Kulap Vilaysack  35:31

Yeah isn’t, it’s really such a there are just chapters of pure joy. You’ve always been a collector, you getting autographs. Like there’s all these it’s really a full it’s a full representation of who you are.


SuChin Pak  35:45

Yeah, my release valve is the blockbuster.


Paul Scheer  35:49

Oh, yeah.


SuChin Pak  35:50

Do you know what I mean? Like you go from this to like remembering rewinding tapes to return to Blockbuster like that. That was my release valve from like, whoa, that was intense. Okay, now I get to sit in blockbuster, again, right to get it right. So I think that you’re right, cuz I’m in and I think your instinct was right, Paul, in that you need that balance to tell the complete story, otherwise, it doesn’t feel complete without the tune without the, discovering that you have ADHD, but then that you, you you realize that the quote unquote remedy or the solution to that really worked for you?


Paul Scheer  36:29



SuChin Pak  36:30

That felt really complete. You know, you didn’t just leave it at like, and by the way, this also led me to, you know,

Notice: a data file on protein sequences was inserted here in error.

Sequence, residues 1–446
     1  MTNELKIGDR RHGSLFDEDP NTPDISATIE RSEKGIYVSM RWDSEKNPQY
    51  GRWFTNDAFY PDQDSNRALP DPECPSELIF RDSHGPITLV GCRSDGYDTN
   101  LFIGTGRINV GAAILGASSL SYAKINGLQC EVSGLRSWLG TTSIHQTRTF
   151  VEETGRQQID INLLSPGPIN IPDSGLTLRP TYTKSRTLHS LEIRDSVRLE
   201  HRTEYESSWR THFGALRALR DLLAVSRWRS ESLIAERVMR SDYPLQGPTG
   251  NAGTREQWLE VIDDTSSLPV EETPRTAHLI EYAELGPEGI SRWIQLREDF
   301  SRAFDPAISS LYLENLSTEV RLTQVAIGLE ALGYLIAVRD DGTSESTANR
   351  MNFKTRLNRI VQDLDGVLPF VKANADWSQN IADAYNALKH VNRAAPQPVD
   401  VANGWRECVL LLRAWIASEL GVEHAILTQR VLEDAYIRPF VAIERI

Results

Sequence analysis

Kulap Vilaysack  36:35

Yeah, Oh Paul, just so very proud of you. This is such a big deal. It’s such a big, big deal.


Paul Scheer  36:35

It’s hard, I think it’s hard for me, you know, and, like, I like having these conversations. It’s just hard to feel like, you can sit in these moments, right in these moments where it’s like, oh, yeah, I’m like wrestling with this. There’s no clean answer to anything. But it’s like, we can have this like, thing that doesn’t have to feel like it’s like wrapped up pretty with a boat. But there’s something out there. There’s a solution on some version of it.


Paul Scheer  37:08

I was so nervous for you too to read it. Like honestly, like that’s the thing. I feel like my friends who are reading this, I think some of them know certain things. Some of them don’t, I would argue probably more than 80% don’t know this. And I think it’ll be interesting to see their reactions to things. I think it’s been interesting to see people just react like, Oh, I didn’t know this is the book that it was. I was excited for you both to read it. And, you know, we gave you the the copies of it. And I was like, oh no, it’s like, it’s like it’s real. And, like, in a weird way. It’s like, I want everybody to read it. But when somebody I know is reading it to me I respect and no I think is great is reading it’s a it’s way more daunting. Like I’m just like, oh God, you got this, you know, so I like it does it means the most to talk to you about about this. So thank you.


Kulap Vilaysack  37:54

Please everybody Add to Cart.


SuChin Pak  37:55



Kulap Vilaysack  37:56

Paul’s book Joyful Recollections of Trauma.


Paul Scheer  37:59